Freely accessible original data allows other scientists to check and verify that published results are in fact substantiated by the data collected. In addition, this original open data can be used to answer further research questions. However, disclosing all the data behind a published scientific finding is not yet a matter of course: In the period of 2015 to 2017, open data was only available for published results in about 3 percent of the publications from Charité – Universitätsmedizin Berlin and about 15 percent of the publications from the Max Delbrück Center for Molecular Medicine (MDC). In order to increase this proportion, the Berlin Institute of Health (BIH) and the BIH QUEST Center are making 100,000 euros each available in 2019 to incentivize scientists from Charité and the MDC to disclose the research data belonging to a publication. As a result, Charité has become the first medical faculty in Germany to recognize open data within the framework of its internal performance-based allocation of funds.
“This extra reward is intended to motivate scientists to more frequently include open data in their publications,” says Prof. Ulrich Dirnagl, founding director of the BIH QUEST Center and co-initiator of the open data incentive. However, publishing open data is not always appropriate: for example, patient data may only be disclosed in compliance with data protection regulations. Another fear occasionally voiced is that including open data in publications could have a negative effect on patent applications, but Ulrich Dirnagl believes this fear is unfounded: “As a general rule, results are only published following the successful filing of a patent application. And providing open data ensures everyone can see that statements about, for example, the effectiveness and safety of a new measure are genuinely based on the existing data.”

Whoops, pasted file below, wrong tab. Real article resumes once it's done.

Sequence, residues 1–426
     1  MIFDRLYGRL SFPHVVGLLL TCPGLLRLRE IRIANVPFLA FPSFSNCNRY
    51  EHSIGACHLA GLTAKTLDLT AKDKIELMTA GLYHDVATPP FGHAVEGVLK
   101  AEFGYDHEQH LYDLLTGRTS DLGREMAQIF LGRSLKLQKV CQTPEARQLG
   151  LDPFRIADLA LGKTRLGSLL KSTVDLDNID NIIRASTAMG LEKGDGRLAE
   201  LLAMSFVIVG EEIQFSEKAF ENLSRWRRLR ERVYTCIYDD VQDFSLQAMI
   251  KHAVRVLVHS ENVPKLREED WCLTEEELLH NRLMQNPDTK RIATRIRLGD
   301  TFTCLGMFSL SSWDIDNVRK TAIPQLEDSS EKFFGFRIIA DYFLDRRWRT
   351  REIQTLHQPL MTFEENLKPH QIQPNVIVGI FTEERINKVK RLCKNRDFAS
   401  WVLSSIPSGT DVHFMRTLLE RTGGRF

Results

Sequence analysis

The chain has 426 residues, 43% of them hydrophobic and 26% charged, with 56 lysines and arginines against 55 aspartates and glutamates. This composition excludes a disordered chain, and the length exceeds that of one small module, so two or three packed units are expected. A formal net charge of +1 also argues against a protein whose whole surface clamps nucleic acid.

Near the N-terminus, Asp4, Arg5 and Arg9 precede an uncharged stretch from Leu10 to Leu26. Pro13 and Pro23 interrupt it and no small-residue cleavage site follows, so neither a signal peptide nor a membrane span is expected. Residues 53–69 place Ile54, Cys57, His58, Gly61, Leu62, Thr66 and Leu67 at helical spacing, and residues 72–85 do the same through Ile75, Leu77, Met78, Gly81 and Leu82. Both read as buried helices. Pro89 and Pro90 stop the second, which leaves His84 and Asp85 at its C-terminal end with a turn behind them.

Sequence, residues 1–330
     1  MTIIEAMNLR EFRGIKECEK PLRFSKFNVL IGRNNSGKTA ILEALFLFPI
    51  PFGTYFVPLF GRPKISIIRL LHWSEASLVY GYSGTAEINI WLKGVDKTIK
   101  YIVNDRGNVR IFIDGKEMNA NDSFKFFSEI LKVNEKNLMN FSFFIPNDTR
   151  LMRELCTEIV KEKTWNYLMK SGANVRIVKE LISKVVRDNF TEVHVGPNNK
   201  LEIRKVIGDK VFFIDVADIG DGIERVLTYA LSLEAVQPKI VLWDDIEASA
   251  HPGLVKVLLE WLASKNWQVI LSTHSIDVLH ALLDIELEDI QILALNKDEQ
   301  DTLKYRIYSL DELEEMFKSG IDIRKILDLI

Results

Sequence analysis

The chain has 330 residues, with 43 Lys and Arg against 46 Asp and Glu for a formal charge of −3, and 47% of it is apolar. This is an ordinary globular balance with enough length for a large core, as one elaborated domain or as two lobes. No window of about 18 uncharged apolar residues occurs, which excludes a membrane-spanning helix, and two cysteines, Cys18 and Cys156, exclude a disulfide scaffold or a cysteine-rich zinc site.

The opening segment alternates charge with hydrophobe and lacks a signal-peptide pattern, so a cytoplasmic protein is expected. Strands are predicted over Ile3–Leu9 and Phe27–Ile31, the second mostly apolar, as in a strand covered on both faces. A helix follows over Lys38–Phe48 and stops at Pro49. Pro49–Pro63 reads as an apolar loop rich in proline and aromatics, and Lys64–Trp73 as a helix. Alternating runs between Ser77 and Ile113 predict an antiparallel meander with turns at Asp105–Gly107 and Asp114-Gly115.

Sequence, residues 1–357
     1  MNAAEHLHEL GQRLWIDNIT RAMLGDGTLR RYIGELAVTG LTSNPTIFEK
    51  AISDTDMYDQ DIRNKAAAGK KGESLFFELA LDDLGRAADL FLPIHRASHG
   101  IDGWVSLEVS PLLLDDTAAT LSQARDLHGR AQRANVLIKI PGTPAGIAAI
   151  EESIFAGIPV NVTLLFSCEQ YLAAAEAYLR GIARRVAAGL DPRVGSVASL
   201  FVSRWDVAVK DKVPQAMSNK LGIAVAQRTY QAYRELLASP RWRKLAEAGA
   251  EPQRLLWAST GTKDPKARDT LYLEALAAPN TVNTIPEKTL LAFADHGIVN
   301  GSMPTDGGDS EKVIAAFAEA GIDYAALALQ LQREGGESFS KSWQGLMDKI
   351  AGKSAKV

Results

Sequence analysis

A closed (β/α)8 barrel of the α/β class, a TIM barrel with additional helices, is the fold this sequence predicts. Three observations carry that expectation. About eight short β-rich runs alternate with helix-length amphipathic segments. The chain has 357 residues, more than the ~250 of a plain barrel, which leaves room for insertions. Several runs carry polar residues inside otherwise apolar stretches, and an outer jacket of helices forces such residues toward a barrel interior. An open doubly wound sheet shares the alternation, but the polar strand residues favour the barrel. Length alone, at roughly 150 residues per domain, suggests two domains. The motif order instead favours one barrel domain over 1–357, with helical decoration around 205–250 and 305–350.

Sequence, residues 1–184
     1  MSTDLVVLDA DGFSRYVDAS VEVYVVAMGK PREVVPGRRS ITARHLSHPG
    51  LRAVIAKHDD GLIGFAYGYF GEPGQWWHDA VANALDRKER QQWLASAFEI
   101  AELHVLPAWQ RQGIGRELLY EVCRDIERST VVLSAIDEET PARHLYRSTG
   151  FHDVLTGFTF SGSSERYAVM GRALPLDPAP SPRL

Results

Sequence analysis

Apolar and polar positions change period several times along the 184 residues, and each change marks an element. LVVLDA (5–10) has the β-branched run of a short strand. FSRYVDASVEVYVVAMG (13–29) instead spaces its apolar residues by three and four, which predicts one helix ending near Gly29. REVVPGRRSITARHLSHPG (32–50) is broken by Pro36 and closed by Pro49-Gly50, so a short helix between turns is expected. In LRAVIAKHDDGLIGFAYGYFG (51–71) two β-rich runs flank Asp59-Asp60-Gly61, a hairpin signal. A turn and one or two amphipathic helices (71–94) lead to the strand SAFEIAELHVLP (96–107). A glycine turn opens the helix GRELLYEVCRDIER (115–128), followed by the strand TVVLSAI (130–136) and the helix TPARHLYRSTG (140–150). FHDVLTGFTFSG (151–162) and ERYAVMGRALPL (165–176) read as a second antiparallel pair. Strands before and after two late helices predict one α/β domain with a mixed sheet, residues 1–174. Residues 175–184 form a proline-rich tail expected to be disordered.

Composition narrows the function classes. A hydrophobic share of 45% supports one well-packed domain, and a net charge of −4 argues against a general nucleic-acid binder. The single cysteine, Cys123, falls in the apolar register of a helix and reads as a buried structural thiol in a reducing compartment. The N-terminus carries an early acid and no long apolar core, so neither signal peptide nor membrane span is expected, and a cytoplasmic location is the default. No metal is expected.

The financial reward is also intended to support these two institutions in further developing their open data practices. In many biomedical research fields, there are still no open data standards. In order to find out which publications have original data available, the BIH QUEST Center team has developed an algorithm that the center’s staff can use to automatically search a large number of publications for the corresponding open data (the algorithm is publicly accessible at https://github.com/quest-bih/oddpub).
And providing open data is not only worthwhile for the financial incentive; it can also help further an individual’s scientific career. “Our experience shows that publications are also cited more frequently when we make the corresponding data available,” emphasizes adjunct professor Dr. Robert Preißner, a researcher in physiology and head of Science IT at Charité. The data records themselves can be cited with the help of a Digital Object Identification (DOI) number. In addition, if the data is well prepared, other scientists can use them in further analyses and cite the original authors in their studies .
“This maximized utilization of existing knowledge is extremely valuable for society as a whole – a fact that will also be reflected in future excellence initiatives,” says Ulrich Dirnagl, who is himself conducting research in the field of neurology. “BIH’s open data incentive is intended to effectively prepare researchers for these demands.”
And this incentive is planned to continue. A medium-term goal is for open data to be established as a fixed part of performance-based research and thus contribute to the further development of the performance-based allocation of funds. The aim of this funding system is to encourage high-quality research.